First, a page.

Regulators expect a well-managed financial institution to look at interest rate risk through two different lenses:
- Earnings at risk (EAR)/income at risk (IAR) – Measures short-term risk; changes to the income statement.
- Value at risk(VAR)/economic value of equity (EVE) – Measures long-term risk; the change in value of instruments, and ultimately the potential for long-term earnings.
Both earnings at risk and economic value of equity measure the impact on earnings, but the time horizon of each metric is the differentiator and informs management of two separate, but equally important measurements. Another article in this series will expand on the value at risk perspective, but below is a focus on the earnings/income at risk perspective.
With the earnings at risk analysis, the goal is to measure the impact on net interest income (NII) resulting from movements in market rates, which impacts an institution’s return on assets (ROA) and ultimately shareholder returns, or return on equity (ROE).
Even small changes to an institution’s NII can have significant impact on ROA and ROE, which is why managing and monitoring all aspects of interest rate risk is paramount in ALM modeling.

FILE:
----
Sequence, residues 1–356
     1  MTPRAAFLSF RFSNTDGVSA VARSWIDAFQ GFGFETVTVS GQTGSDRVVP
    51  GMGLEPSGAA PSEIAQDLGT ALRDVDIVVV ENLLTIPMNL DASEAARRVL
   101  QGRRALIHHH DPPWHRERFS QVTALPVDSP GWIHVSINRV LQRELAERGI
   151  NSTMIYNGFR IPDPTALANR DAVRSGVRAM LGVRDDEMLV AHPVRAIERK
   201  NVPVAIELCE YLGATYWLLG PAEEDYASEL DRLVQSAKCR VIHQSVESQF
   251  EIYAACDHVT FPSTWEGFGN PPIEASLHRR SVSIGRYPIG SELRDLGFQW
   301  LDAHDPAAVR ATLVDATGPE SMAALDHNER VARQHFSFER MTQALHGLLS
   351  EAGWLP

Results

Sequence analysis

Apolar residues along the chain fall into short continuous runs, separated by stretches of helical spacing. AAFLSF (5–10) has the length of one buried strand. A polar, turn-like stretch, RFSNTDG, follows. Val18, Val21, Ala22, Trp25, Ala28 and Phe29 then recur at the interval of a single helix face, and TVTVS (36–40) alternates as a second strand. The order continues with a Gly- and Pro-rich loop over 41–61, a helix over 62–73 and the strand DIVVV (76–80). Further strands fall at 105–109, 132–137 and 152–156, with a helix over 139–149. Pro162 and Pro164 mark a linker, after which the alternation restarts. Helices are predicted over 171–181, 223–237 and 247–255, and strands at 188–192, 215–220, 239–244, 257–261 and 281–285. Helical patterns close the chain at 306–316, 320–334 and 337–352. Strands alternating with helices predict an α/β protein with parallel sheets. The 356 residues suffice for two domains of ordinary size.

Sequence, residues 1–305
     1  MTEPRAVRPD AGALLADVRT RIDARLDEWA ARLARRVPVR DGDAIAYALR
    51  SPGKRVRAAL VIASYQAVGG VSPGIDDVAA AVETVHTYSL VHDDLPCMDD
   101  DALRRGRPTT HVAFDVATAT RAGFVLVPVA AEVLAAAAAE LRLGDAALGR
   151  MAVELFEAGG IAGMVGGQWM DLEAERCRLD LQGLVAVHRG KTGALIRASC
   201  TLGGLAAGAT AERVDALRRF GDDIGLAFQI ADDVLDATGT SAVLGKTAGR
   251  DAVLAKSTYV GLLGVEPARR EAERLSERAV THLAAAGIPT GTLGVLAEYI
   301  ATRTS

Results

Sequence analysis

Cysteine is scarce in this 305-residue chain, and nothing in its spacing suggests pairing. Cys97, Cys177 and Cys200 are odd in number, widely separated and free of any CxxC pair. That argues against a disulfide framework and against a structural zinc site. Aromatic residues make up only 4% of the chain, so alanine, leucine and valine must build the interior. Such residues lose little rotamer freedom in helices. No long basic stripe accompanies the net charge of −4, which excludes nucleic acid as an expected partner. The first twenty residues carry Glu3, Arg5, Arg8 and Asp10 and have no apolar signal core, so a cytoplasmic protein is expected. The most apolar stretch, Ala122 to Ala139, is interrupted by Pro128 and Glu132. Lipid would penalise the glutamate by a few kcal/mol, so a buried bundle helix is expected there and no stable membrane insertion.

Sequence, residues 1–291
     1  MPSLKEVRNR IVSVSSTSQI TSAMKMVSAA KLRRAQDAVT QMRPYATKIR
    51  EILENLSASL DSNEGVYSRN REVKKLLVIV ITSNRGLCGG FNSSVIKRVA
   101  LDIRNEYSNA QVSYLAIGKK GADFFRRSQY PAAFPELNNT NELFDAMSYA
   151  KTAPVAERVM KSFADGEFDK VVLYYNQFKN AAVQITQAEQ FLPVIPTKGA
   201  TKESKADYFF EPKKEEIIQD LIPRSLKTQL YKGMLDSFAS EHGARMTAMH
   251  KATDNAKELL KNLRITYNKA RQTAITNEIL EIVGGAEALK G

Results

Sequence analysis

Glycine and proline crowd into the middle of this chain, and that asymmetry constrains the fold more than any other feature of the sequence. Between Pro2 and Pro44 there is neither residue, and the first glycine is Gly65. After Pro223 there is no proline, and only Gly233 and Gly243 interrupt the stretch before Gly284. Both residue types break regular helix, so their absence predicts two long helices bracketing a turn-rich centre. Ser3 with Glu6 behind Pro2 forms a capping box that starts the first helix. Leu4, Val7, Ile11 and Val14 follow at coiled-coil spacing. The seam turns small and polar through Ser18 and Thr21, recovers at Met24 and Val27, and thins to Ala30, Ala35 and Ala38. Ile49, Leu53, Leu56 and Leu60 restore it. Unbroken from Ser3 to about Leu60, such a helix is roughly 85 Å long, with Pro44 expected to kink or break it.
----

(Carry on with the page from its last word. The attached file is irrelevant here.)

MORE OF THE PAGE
Interest rate risk requirements
Prudential regulators expect financial institutions to measure the level of potential interest rate risk in their portfolios. In 1997, all members of the Federal Financial Institution Examination Council (FFIEC) except the National Credit Union Administration, added the “S” (Sensitivity to Market Risk) measure to the CAMELS rating to account for interest rate sensitivity within institutions.
For institutions to receive a “Well Managed” rating for Sensitivity, they must:
- Measure both EAR and EVE
- Extend simulation of earnings at risk to at least two years
- Run a static balance sheet for comparison if the institution is using dynamic balance sheet modeling (see below)
For credit unions, the NCUA in 2021 finalized a rule adding the “S” component to its CAMEL rating system to clearly distinguish between evaluating a credit union’s sensitivity to interest rate risk and the liquidity risk (which is evaluated by a revised “L” component in the ratings). The rule is effective for credit union examinations starting on or after April 1, 2022, and examiners will focus on compliance with this component in upcoming exams, according to the NCUA’s 2022 Supervisory Priorities.